In a traditional African setting, we say that time waits for no man and doesn’t spare the women either.
At exactly 5:30 a.m. in East Africa, the cock crows and Kanini slowly stretches from her rickety-legged wooden bed that is covered by a thin mattress. She knows she is lucky, yet every morning when she opens her eyes to a new day, she feels like closing them again.
The Kenyan researchers in this video are investigating the large scale use of insects as a source of protein.
The idea is to turn a food threat into a food source. They hope to feed the insects to chickens that in turn provide eggs and meat to people. But they’re also investigating how to put a protein powder made from the insects directly into human food.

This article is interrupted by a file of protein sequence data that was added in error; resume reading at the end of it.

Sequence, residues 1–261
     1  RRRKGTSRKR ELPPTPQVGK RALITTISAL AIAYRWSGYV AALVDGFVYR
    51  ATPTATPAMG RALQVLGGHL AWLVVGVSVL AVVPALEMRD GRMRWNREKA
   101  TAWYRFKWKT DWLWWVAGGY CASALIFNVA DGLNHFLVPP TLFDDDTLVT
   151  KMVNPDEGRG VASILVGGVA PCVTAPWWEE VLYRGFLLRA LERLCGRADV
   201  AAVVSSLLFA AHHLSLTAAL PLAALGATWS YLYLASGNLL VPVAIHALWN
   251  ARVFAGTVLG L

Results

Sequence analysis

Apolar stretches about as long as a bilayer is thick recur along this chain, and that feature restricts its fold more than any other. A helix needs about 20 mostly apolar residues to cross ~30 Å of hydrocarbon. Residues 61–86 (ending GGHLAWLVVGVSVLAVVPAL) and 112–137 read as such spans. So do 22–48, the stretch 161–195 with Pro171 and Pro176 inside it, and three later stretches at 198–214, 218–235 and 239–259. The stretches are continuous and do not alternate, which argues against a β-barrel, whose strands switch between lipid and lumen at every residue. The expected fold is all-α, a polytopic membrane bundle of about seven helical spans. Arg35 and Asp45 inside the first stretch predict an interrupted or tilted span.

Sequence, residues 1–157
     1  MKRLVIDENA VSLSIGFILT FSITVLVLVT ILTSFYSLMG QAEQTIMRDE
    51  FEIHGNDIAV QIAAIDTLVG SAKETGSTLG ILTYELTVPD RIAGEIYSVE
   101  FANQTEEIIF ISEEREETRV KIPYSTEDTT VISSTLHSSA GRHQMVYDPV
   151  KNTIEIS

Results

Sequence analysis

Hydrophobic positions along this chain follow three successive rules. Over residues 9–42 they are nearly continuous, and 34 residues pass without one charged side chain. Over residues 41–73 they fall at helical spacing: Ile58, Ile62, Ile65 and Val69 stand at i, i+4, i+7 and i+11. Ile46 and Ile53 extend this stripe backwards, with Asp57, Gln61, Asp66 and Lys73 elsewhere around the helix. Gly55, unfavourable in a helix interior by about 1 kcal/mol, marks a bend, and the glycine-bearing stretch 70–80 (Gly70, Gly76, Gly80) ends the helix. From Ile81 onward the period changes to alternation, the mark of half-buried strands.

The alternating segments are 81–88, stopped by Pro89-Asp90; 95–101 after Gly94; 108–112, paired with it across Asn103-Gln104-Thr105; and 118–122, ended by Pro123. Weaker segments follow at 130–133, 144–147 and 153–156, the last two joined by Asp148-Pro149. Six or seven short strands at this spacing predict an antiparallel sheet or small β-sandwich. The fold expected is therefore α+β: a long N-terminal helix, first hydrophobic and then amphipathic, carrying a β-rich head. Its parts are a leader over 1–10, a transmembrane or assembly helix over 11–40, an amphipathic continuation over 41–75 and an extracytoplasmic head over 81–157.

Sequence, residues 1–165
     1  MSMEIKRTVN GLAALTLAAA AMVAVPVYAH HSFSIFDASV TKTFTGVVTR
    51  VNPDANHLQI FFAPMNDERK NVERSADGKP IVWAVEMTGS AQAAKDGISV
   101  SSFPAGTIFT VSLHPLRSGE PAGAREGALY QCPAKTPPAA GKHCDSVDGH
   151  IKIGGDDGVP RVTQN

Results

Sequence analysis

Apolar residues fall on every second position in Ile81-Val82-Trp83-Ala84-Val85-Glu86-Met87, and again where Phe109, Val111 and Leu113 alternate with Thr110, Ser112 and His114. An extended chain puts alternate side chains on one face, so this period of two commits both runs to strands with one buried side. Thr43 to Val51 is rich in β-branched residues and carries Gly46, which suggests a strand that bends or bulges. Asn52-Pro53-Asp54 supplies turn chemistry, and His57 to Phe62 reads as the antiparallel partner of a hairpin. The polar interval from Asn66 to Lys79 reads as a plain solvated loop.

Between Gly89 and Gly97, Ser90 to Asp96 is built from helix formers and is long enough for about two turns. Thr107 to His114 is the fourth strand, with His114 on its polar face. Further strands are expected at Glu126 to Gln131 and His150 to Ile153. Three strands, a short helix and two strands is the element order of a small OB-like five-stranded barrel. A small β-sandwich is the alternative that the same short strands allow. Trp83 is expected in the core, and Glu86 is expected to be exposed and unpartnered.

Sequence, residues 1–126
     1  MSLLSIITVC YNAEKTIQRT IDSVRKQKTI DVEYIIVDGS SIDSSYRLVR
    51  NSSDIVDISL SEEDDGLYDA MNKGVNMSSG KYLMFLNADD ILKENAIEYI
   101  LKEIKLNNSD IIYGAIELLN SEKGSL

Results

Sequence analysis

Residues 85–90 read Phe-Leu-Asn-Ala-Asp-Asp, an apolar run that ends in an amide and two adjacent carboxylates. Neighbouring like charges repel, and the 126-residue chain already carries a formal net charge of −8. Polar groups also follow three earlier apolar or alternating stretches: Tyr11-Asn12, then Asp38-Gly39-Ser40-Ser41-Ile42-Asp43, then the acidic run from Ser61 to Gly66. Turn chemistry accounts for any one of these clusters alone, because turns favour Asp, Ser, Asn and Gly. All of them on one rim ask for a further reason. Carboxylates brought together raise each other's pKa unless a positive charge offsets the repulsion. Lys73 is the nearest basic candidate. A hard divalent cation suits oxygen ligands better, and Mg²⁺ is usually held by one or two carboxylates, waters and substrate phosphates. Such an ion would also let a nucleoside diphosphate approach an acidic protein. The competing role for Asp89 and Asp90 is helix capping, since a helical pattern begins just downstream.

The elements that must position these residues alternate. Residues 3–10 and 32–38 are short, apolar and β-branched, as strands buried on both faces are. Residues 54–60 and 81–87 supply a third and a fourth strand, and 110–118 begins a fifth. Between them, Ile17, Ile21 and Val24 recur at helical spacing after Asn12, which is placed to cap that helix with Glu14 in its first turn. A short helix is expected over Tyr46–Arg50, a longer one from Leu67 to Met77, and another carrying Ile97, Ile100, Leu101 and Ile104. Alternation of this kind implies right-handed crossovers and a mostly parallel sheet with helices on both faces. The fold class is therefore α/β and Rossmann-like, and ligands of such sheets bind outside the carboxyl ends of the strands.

The supplement could help severely malnourished children and nursing women while providing jobs for youth. The insects mature quickly and contain amino acids essential to proper nutrition.
Editor’s note: Uganda-based reporter Halima Abdallah of The East African developed this story at an environmental journalism workshop led by Eric Freedman, director of MSU’s Knight Center for Environmental Journalism which publishes The Food Fix.
Will the commercial viability of Lake Victoria and its ecosystem be sustained? This is the question arising from re-emergence of low value native species like dagaa against dwindling stocks of high-value species like the Nile perch.
Researchers are studying if people in Kenya are more likely to buy flour that has been certified free of the toxic fungus aflatoxin. It infests corn and can cause people to die.
This video examines the work of Vivian Hoffmann, a research fellow at the International Food Policy Research Institute, and Christine Moser, an associate professor of economics at Western Michigan University.